The milk to maternal serum hydralazine concentration ratio was 1.4 in one case in which a woman was taking hydralazine 50 mg three times a day. These data indicate concentration of hydralazine in milk. Even so, the amount of drug exposed to the nursing infant was relatively small, and no adverse effects in the nursing infant were observed. HCTZ is excreted into human milk in low concentrations. In one case, a peak milk concentration of 125 ng per mL was measured between 4 and 12 hours after a daily dose in a woman who was taking HCTZ 50 mg daily. A simultaneously measured maternal serum HCTZ level was approximately 275 ng per mL. There were no detectable drug levels or electrolyte abnormalities in the baby's blood. If a 1-month-old infant takes approximately 600 mL of milk per day, and the mean milk HCTZ level is calculated to approximate 80 ng per mL, the infant would be exposed to approximately 0.05 mg of HCTZ each day. This should represent an insignificant amount of HCTZ to the infant such that adverse effects in the nursing infant are unlikely.

Reserpine, hydralazine and hydrochlorothiazide are excreted into human milk. There are no reports of adverse effects on the nursing infant. There is a report of galactorrhea associated with reserpine. Hydrochlorothiazide is considered compatible with breast-feeding by the American Academy of Pediatrics; however, the manufacturer recommends that due to the potential for serious adverse reactions in nursing infants, a decision should be made to discontinue nursing or discontinue the drug, taking into account the importance of the drug to the mother.

See references

References for pregnancy information

  1. Pritchard JA, Pritchard SA "Standardized treatment of 154 consecutive cases of eclampsia." Am J Obstet Gynecol 123 (1975): 543-52
  2. Pauli RM, Pettersen BJ "Is reserpine a human teratogen?" J Med Genet 23 (1986): 267-8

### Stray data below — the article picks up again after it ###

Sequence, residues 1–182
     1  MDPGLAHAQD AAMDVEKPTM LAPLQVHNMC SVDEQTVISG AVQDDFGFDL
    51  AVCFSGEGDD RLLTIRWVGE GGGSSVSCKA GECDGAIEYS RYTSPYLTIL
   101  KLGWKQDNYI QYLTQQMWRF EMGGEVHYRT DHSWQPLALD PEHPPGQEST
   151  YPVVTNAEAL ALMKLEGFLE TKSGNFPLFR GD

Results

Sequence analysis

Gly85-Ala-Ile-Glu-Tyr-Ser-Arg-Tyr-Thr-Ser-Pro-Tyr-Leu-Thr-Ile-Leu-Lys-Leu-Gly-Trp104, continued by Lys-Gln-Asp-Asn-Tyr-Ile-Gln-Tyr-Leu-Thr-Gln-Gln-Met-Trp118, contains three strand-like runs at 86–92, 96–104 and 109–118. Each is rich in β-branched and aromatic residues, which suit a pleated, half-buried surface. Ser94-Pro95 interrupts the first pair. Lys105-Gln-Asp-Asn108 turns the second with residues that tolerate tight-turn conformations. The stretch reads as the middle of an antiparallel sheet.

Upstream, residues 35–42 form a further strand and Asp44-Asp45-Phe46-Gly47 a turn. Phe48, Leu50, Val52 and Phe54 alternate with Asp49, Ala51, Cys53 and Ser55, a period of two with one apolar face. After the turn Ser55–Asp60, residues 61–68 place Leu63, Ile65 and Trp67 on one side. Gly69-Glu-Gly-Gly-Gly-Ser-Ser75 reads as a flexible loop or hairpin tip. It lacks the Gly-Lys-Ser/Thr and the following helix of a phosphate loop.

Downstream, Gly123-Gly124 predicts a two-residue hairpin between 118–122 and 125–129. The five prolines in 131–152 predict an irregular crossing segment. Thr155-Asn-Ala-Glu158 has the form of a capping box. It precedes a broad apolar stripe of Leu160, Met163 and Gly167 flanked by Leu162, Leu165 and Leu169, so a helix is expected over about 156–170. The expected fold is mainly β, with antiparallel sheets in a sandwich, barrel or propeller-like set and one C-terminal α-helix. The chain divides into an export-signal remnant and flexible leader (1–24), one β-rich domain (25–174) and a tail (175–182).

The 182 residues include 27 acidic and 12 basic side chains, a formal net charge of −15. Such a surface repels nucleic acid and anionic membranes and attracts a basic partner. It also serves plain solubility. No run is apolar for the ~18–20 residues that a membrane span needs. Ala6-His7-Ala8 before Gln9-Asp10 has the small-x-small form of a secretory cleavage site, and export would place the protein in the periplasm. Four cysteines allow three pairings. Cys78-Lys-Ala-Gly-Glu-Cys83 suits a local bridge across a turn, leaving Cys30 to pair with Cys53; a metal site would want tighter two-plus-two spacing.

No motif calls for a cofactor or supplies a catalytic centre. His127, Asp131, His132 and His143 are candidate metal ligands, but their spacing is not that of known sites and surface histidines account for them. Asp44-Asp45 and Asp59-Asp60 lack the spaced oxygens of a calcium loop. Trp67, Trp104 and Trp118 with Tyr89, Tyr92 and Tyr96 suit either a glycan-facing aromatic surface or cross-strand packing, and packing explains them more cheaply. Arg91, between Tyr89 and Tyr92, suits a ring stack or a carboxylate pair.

3. De Swiet M "Antihypertensive drugs in pregnancy." Br Med J (Clin Res Ed) 291 (1985): 365-6
  4. "Product Information. Ser-Ap-Es (Cam-ap-es)." Ciba Pharmaceuticals, Summit, NJ.
  5. Kuzniar J, Skret A, Piela A, Szmigiel Z, Zaczek T "Hemodynamic effects of intravenous hydralazine in pregnant women with severe hypertension." Obstet Gynecol 66 (1985): 453-8
  6. Yemini M, Shoman (Schwartz) Z, Dgani R, et al. "Lupus-like syndrome in a mother and newborn following administration of hydralazine; a case report." Eur J Obstet Gynecol Reprod Biol 30 (1989): 193-7
  7. Mabie WC, Gonzalez AR, Sibai BM, Amon E "A comparative trial of labetalol hydralazine in the acute management of severe hypertension complicating pregnancy." Obstet Gynecol 70 (1987): 328-33
  8. Bott-Kanner G, Schwitzer A, Schoenfeld A, Joel-Cohen J, Rosenfeld JB "Treatment with propranolol and hydralazine throughout pregnancy in a hypertensive patient." Isr J Med Sci 14 (1978): 466-8
  9. Johnson GT, Thompson RB "A clinical trial of intravenous apresoline in the management of toxaemia of late pregnancy." J Obstet Gynaecol 65 (1958): 360-6
  10. Heinonen O, Slone D, Shapiro S; Kaufman DW ed. "Birth Defects and Drugs in Pregnancy." Littleton, MA: Publishing Sciences Group, Inc. (1977): 297
  11. Lodeiro JG, Feinstein SJ, Lodeiro SB "Fetal premature atrial contractions associated with hydralazine." Am J Obstet Gynecol 160 (1989): 105-7
  12. Czeizel A "Reserpine is not a human teratogen." J Med Genet 25 (1988): 787
  13. Rodriguez SU, Sanford LL, Hiller MC "Neonatal thrombocytopenia associated with ante-partum administration of thiazide drugs." N Engl J Med 270 (1964): 881-4
  14. Rosenfeld J, Bott-Kanner G, Boner G, et al. "Treatment of hypertension during pregnancy with hydralazine monotherapy or with combined therapy with hydralazine and pindolol." Eur J Obstet Gynecol Reprod Biol 22 (1986): 197-204
  15. Widerlov E, Karlman I, Storsater J "Hydralazine-induced neonatal thrombocytopenia." N Engl J Med 303 (1980): 1235
  16. Liedholm H, Wahlin-Boll E, Hanson A, Ingemarsson I, Melander A "Transplacental passage and breast milk concentrations of hydralazine." Eur J Clin Pharmacol 21 (1982): 417-9
  17. Chapman ER, Strozier WE, Magee RA "The clinical use of apresoline in the toxemias of pregnancy: a preliminary report." Am J Obstet Gynecol 68 (1954): 1109-7
  18. Lindheimer MD, Katz AI "Sodiuim and diuretics in pregnancy." N Engl J Med 288 (1973): 891-4

References for breastfeeding information

  1. Committee on Drugs, 1992 to 1993 "The transfer of drugs and other chemicals into human milk." Pediatrics 93 (1994): 137-50
  2. Liedholm H, Wahlin-Boll E, Hanson A, Ingemarsson I, Melander A "Transplacental passage and breast milk concentrations of hydralazine." Eur J Clin Pharmacol 21 (1982): 417-9
  3. Werthmann MW, Krees SV "Excretion of chlorothiazide in human breast milk." J Pediatr 81 (1972): 781-3
  4. "Product Information. Ser-Ap-Es (Cam-ap-es)." Ciba Pharmaceuticals, Summit, NJ.
  5. Ananth J "Side effects in the neonate from psychotropic agents excreted through breast-feeding." Am J Psychiatry 135 (1978): 801-5
  6. Miller ME, Cohn RD, Burghart PH "Hydrochlorothiazide disposition in a mother and her breast-fed infant." J Pediatr 101 (1982): 789-91